Fortunately for Beijing, it managed to get its new international financial institution, the Asian Infrastructure Investment Bank (AIIB), off the ground before the summer economic madness. The bank’s Articles of Agreement were signed by 50 of the 57 prospective founding members on June 29. By August, one more country joined those ranks but no government has ratified the articles of agreement.
Questions about the bank’s operations are being slowly resolved; China will retain the prerogatives of the largest shareholder, but it will not be able to do as it pleases. It isn’t clear how the financial troubles Beijing has encountered over the summer will constrain its options or shape Chinese thinking. A slowdown at home will increase the pressure to exploit opportunities provided by the AIIB and along the Silk Road to goose the domestic economy. Concerns about the AIIB challenge to the international economic order have not been eliminated, but the general mood has shifted – not least because so many governments are now represented within it.
History comes alive
This summer was unusually hot – not just because of the temperature, but because of tensions generated by history. Aug. 15 marked the 70th anniversary of the end of World War II, and the commemorations this year were more freighted than usual: Japanese Prime Minister Abe Shinzo had for over a year insisted that he would make a different kind of statement, one that broke with precedent and reflected a different approach to the past. There were whisperings that Abe would repudiate the Kono Statement (that acknowledged Japanese government responsibility for the plight of the comfort women) and the Murayama Statement (the most forthright apology for Japan’s wartime behavior that was issued at the 50th anniversary in 1995). That prospect became a focal point of regional diplomacy, with China, South Korea, and the US all deeply worried about what Abe might say.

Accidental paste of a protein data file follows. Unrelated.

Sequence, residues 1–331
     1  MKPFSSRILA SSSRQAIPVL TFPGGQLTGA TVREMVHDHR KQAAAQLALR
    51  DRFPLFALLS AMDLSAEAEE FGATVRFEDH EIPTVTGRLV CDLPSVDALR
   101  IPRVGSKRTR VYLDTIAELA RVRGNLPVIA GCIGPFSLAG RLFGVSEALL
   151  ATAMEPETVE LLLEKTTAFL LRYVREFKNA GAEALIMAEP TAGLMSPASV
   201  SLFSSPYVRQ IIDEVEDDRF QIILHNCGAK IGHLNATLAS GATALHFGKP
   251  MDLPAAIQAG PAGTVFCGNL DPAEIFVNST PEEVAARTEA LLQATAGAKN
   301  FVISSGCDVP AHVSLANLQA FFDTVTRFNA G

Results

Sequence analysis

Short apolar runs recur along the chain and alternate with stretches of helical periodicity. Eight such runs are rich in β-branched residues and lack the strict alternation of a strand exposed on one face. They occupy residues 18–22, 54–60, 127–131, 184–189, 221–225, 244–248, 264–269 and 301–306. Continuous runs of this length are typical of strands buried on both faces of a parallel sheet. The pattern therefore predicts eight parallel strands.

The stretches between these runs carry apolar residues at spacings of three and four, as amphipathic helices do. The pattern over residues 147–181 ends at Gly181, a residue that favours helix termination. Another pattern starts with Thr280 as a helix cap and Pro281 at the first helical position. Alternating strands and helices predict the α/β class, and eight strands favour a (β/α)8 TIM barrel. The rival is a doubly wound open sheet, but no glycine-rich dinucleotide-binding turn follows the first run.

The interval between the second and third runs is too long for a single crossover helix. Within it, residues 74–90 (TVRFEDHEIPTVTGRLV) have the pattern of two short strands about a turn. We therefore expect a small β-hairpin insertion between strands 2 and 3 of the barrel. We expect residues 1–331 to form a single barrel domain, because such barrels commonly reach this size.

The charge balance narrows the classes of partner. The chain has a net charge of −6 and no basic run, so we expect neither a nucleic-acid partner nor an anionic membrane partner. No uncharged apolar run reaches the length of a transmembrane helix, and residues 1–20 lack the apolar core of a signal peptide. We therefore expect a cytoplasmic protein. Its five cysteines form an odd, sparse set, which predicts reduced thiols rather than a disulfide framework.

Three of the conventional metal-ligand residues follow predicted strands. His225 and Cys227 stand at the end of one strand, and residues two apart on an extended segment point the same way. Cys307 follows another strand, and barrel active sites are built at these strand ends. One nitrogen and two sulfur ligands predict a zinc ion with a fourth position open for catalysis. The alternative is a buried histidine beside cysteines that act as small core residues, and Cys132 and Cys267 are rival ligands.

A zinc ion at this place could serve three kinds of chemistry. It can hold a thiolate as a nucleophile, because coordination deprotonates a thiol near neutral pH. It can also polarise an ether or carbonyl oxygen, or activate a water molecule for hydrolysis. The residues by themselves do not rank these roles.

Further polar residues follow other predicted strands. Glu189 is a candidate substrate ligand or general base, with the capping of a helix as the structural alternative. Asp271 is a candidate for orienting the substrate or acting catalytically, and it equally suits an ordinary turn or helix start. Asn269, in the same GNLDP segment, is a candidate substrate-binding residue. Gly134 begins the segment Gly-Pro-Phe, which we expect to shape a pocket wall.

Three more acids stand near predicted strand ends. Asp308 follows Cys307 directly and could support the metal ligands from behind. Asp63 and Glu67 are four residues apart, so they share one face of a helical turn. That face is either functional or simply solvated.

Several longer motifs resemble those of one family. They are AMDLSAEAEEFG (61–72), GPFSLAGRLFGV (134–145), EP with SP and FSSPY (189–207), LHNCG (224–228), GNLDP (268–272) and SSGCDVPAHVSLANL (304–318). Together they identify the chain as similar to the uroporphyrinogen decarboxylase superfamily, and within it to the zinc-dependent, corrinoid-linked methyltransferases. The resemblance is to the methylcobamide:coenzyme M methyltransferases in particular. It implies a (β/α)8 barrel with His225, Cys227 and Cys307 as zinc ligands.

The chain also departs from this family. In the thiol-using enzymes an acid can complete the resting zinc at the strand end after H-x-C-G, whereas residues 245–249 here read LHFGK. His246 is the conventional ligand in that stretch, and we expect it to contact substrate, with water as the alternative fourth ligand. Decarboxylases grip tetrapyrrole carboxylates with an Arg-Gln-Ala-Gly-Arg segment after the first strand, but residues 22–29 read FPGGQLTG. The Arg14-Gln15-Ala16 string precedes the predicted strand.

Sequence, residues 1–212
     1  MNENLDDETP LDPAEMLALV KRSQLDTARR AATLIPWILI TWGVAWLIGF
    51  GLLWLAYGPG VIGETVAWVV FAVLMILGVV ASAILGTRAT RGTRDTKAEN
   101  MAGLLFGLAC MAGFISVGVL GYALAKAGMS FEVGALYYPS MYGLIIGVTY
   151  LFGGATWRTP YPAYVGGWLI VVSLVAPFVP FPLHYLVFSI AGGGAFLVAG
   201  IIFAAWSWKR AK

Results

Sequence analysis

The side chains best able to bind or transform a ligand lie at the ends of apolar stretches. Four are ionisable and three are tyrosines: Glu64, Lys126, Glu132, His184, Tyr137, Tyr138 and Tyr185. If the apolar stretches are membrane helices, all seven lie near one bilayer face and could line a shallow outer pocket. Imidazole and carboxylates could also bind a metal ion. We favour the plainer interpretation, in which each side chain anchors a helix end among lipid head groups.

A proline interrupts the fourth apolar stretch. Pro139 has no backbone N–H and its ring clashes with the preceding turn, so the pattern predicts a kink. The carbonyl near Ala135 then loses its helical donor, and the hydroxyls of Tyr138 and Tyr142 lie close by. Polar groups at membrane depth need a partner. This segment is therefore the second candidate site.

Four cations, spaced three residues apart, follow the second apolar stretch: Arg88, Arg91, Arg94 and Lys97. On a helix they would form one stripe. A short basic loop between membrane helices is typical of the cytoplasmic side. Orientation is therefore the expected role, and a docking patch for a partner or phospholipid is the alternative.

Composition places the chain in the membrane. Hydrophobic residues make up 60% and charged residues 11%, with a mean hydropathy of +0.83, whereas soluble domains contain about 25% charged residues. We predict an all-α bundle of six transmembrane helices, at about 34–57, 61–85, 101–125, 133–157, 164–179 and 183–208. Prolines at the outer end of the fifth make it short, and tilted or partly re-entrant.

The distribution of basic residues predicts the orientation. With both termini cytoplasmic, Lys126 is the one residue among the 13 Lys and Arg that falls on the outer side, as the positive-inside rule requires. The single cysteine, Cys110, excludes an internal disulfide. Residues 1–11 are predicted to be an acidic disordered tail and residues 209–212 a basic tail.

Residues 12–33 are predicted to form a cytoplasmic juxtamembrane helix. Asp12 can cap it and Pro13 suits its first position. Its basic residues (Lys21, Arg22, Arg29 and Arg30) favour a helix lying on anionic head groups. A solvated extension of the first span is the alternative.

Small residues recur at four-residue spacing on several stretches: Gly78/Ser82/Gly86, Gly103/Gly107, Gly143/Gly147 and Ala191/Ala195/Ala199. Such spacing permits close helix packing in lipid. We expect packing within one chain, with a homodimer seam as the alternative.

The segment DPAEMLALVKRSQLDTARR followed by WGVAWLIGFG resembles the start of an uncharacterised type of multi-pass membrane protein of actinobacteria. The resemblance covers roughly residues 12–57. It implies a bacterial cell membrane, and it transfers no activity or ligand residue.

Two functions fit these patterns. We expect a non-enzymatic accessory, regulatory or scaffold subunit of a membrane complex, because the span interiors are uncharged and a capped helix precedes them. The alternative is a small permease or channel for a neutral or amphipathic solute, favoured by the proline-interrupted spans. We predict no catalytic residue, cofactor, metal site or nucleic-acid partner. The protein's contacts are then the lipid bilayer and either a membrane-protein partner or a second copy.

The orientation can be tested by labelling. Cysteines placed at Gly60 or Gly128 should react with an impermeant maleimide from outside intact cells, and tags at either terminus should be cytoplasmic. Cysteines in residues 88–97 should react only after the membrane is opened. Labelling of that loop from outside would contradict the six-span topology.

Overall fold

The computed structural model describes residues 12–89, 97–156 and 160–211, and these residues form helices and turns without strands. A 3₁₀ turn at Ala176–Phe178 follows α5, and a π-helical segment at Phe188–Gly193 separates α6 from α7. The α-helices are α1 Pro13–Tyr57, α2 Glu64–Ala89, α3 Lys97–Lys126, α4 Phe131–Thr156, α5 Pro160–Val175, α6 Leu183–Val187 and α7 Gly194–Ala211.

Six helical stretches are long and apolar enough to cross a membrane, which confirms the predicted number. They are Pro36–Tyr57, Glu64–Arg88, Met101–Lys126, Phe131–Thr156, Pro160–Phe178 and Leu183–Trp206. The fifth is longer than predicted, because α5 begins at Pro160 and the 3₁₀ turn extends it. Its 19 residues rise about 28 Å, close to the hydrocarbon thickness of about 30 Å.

He previewed his thinking in speeches to the Australian Parliament in July 2014, the 50th anniversary of the Bandung Conference in April of this year, and a joint session of the US Congress at the end of that month. He commissioned “an advisory panel on the 20th century and Japan’s role and the world order in the 21st century.” The panel presented its findings on Aug. 6, 2015, and they largely anticipated the prime minister’s speech on Aug. 14. The panel rooted Japanese behavior in that of the time, when the world was dominated by the West and imperialism was an accepted mode of government policy. Nonetheless, it conceded that Japan acted aggressively (although some panel members dissented from the use of this word) and caused great harm to regional nations.